Post author Rebecca Burns working to build the eco-village in Haiti

UUSC was excited to partner with the Unitarian Universalist Association on a joint volunteer trip to Haiti for youth and young adults, August 20-27. In the post below, participant Rebecca Burns reflects on her time in Haiti – why she didn’t want to leave and what she is taking home with her.

Saturday morning we left Haiti to return to home. It was an emotionally charged day, mainly because I really did not want to leave. I feel an incredibly strong connection to the country and to the people I met. The landscapes we saw were gorgeous — green fields lined by a continuous chain of mountains in the distance, posing a contrast to the bright blue sky that would quickly turn to gray and fill with clouds as a rainstorm approached.  On the morning of our departure, I saw the most beautiful sunrise over the mountains — the first sunrise I had seen while there. The nights were no less spectacular as the sky filled with stars — more than I’ve ever seen before — as though someone literally threw glitter into the air, and it stuck. I loved the morning drives to the eco-village site, as we bumped along the deeply rutted and washed-out roads to a soundtrack of compasmusic that fit the scenes perfectly.

Not only were we witnessing a spectacular landscape, we were also watching scenes of daily life in rural Haiti: women carrying large bundles on their heads; young boys riding donkeys strapped down with firewood; young girls filling water jugs at a nearby spigot; people selling fruits and vegetables along the road; the lotto stands that lined the roads with their bright colors; goats and cows tied to shrubbery; three people piled onto a motorcycle as we sped past in typical Haitian-style driving; and more than anything the faces we saw, some smiling, all looking at us with curiosity.

Each day we would arrive at the work site to more curious faces that would smile and beam “Bon jou!” as we greeted one another. The work, though simple, was rewarding. We moved rocks in an assembly line to the men who were building the foundations of the homes. Often the children would join alongside us in the lines. The location of the village was phenomenal – lush banana and mango trees, views of the surrounding mountains and a nearby river.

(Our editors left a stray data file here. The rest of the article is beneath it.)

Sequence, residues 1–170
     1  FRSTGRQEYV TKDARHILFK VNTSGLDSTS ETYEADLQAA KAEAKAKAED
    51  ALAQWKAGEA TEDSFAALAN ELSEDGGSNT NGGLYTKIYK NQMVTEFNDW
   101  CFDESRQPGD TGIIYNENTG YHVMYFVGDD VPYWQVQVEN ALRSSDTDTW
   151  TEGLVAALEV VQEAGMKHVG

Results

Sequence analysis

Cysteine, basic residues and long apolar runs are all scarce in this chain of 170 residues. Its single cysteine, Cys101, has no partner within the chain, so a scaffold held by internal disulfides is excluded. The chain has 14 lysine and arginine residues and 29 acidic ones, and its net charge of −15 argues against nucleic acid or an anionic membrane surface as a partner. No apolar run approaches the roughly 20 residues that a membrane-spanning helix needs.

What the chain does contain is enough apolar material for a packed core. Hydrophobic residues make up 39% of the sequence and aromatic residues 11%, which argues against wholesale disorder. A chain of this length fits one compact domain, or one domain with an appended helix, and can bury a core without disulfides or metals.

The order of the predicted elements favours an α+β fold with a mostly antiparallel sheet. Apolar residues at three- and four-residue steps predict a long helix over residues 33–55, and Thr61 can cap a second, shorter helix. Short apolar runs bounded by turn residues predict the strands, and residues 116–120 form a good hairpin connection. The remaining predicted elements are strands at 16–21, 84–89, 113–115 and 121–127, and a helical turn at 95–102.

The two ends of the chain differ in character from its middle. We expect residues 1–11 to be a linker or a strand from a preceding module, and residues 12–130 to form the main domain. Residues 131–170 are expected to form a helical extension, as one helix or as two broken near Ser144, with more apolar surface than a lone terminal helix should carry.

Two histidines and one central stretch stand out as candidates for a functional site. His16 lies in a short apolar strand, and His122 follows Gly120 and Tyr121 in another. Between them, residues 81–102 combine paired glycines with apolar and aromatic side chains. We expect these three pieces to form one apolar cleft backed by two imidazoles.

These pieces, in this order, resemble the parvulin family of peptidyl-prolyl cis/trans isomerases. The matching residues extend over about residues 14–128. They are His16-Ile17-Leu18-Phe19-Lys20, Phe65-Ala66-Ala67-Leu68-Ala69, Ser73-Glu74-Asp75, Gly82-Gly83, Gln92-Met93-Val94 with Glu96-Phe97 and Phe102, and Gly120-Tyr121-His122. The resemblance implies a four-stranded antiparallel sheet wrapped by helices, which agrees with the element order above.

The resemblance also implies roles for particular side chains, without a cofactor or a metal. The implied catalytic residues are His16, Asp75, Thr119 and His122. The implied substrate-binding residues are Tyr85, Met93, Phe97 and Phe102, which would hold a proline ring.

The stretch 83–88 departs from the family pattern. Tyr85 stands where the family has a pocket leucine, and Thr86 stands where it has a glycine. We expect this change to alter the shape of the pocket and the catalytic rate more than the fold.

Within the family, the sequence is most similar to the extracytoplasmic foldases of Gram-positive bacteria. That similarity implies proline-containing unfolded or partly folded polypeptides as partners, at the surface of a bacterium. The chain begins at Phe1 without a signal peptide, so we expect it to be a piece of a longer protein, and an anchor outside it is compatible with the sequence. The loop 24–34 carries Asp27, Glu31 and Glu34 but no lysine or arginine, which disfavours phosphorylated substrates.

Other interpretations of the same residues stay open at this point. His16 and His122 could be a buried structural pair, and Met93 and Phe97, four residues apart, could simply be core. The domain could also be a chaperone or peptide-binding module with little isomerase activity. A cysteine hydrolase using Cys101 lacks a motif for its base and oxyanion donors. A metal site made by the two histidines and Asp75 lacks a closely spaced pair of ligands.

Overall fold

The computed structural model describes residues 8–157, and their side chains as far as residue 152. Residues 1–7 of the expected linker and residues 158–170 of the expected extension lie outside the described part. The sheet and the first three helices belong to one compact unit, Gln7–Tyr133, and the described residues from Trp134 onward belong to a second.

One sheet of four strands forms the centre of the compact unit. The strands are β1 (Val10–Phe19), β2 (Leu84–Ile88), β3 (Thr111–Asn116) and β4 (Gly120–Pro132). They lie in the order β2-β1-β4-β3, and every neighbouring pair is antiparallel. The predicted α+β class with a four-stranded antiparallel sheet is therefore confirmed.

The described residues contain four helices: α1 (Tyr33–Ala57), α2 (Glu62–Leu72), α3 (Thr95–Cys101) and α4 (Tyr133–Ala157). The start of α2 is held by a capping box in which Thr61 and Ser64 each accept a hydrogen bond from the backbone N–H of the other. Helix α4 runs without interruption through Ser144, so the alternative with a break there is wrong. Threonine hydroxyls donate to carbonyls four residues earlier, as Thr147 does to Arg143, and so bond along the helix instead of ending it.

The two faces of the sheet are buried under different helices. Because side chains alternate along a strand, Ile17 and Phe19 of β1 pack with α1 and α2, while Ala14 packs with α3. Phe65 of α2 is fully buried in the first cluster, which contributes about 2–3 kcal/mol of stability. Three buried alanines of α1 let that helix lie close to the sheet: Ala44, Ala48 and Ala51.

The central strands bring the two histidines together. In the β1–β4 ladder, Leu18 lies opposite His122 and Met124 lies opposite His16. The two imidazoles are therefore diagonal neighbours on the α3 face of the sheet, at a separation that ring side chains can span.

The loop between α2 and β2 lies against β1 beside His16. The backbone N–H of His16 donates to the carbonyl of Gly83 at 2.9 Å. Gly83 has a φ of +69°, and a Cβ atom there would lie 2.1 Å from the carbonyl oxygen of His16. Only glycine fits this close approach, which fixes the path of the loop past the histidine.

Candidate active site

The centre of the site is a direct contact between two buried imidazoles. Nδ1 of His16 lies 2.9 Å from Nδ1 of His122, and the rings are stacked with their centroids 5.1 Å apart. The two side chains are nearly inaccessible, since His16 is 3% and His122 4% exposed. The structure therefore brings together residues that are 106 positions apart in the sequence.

The families that will be living there were advocates of elderly rights in Port-au-Prince and were arrested because of that. Chavannes, the founder of the Papaye Peasant Movement (MPP) and an inspiration to all of us, heard about this injustice and, when they were left homeless after the earthquake, invited them to move to Papaye. One of the men told Wendy, one of our trip leaders, that they feel as though they are in paradise because they can grow their own food and will never go hungry again. I felt so happy to be a part of making that dream come true for them.

That is in essence why I did not want to leave. I wanted to continue working with them in solidarity. I wanted to continue to learn from Chavannes and all of the groups we met through MPP. I wanted to continue to experience the simplicity of life there. While I am still adjusting back to normal life, I am comforted by the realization that I can share my experience of a hopeful and inspiring Haiti with others and continue to learn about and support this country that made such an impression on me. As I saw the same sun setting as my plane landed back home I thought about how we are all one people, regardless of our nationality, race, or gender — and despite the distance I felt from the people I met, I understood how deep our connections to each other and our earth truly are.

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Comments

  1. Mary Novaria

    Rebecca, I believe that returning home to tell our stories and share photos is such an important part of doing mission work in Haiti. Thanks for sharing your story.

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